synagogue-based Jewish education. Though these schools educate the majority
of Jewish children in America, they have widely been deemed ineffective. Is
this assessment correct? Evolution and Revolution will explore the facts on
the ground with the help of Jewish Theological Seminary professor Jack
Wertheimer, director of the Ratner Center for the Study of Conservative
Judaism, as well as a new, eye-opening report by JESNA.
Following on the success of last year's spirited gathering at Washington
University in St. Louis, executive director Jeffrey Lasday hopes to raise
the bar even higher in Vermont.
"CAJE 33 is the ultimate expression of holistic Jewish identity," he stated.
"Jewish education is about a strong Jewish future and we are excited to
present an opportunity for educators and others to examine our relationship
to the environment through a Jewish prism."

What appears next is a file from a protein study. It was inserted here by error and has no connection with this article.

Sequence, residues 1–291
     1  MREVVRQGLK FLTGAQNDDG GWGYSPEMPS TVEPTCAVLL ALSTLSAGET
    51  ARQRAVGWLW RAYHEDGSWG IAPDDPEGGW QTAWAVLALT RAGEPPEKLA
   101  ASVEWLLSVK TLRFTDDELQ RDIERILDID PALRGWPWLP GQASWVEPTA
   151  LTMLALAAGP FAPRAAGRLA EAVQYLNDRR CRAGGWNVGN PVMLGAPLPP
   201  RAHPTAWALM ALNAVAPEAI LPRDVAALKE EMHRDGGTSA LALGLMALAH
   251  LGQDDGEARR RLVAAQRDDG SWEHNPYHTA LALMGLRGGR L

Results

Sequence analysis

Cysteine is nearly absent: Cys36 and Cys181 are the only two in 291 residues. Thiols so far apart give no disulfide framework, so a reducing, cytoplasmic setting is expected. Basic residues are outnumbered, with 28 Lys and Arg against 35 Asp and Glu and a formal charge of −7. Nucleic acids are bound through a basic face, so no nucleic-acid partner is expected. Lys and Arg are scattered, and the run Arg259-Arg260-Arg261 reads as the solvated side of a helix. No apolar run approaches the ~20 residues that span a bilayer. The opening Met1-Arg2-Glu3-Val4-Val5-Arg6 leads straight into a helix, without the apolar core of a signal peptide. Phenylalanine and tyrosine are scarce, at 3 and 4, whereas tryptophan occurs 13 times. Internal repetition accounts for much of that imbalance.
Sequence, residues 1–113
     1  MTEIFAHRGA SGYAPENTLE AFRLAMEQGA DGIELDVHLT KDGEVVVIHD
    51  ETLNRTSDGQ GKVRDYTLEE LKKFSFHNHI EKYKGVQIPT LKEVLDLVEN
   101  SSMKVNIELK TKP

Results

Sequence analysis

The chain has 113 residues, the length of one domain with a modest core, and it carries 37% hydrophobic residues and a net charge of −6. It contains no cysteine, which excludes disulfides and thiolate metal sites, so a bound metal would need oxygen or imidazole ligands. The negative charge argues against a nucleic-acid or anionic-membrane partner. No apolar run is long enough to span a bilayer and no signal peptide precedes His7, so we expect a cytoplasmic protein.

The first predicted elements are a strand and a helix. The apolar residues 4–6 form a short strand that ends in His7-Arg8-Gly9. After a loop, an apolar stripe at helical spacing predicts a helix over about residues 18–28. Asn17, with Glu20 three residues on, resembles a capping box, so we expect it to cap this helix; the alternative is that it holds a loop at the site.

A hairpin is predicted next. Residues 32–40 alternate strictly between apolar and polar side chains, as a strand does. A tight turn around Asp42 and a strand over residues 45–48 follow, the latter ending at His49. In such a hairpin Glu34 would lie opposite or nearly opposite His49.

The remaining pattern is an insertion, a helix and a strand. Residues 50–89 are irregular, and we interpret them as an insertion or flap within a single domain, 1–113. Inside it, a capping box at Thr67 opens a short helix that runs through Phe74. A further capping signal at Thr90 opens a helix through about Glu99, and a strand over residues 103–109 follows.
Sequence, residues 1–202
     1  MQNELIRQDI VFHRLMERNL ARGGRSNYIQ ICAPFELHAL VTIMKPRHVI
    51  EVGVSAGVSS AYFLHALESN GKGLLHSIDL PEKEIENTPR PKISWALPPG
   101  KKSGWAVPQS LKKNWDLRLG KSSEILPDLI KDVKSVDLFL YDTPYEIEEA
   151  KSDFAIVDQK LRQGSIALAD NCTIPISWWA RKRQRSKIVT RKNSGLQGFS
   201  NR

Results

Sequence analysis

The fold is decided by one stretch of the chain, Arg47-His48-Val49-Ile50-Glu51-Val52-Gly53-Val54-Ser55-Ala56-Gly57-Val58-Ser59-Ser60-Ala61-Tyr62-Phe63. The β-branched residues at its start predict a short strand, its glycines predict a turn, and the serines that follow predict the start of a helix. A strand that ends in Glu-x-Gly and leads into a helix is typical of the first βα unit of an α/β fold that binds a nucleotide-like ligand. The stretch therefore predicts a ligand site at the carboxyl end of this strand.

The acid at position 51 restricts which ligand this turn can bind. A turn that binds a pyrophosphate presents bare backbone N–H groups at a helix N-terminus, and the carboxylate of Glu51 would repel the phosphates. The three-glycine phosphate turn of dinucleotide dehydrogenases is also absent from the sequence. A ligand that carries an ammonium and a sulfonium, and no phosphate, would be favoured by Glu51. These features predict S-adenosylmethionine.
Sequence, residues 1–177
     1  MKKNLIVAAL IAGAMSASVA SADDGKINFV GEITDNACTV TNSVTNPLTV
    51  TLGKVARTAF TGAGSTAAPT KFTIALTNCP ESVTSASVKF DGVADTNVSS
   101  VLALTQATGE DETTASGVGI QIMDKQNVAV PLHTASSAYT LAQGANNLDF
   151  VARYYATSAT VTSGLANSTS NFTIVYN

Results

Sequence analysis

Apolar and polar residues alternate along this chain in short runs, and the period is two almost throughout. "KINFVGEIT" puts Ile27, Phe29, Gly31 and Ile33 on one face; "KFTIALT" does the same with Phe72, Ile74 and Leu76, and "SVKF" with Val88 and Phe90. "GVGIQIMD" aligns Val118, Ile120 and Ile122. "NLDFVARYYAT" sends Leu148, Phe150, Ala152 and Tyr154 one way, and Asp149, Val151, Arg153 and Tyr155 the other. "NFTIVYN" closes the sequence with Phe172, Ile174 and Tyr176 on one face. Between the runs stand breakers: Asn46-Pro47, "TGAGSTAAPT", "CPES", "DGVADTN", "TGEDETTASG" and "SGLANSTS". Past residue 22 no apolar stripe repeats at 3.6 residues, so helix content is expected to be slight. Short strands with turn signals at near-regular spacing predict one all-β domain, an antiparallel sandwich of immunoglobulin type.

To think, however, that Jewish eco-awareness is only about the earth and
trees, is short-sighted, added Lasday. "It is about every aspect of our
lives from the food we eat to the clothes we wear, to the schools and
synagogues we pray in. It is about viewing Jewish education as being
critical to Jewish continuity and great teachers as being critical to Jewish
Lasday further stresses the significance of Evolution and Revolution,
pointing out that between 65-70% of all children receiving a Jewish
education do so in a supplementary Jewish education setting. In other words,
250,000 children are currently being taught by approximately 25,000 teachers
in over 2,000 congregational and community school programs.
By convening PhD's, clergy, educators and experts in the field for an honest
examination of the state of congregation-based Jewish education, CAJE 33
will likely become a watershed event, leading to important reforms.
"CAJE would like to create a place and a time where practitioners, teachers,
educational directors, rabbis, lay leaders, researchers, policy makers, and
donors can all come together and reveal what we know, challenge our beliefs,
explore what we don't know and use our collective knowledge towards
transforming our schools," he said.
The Vermont gathering will also host the first ever Roundtable Fishbowl,
which brings together David Behrman, Mara Braunfeld, Steven M. Cohen, Ed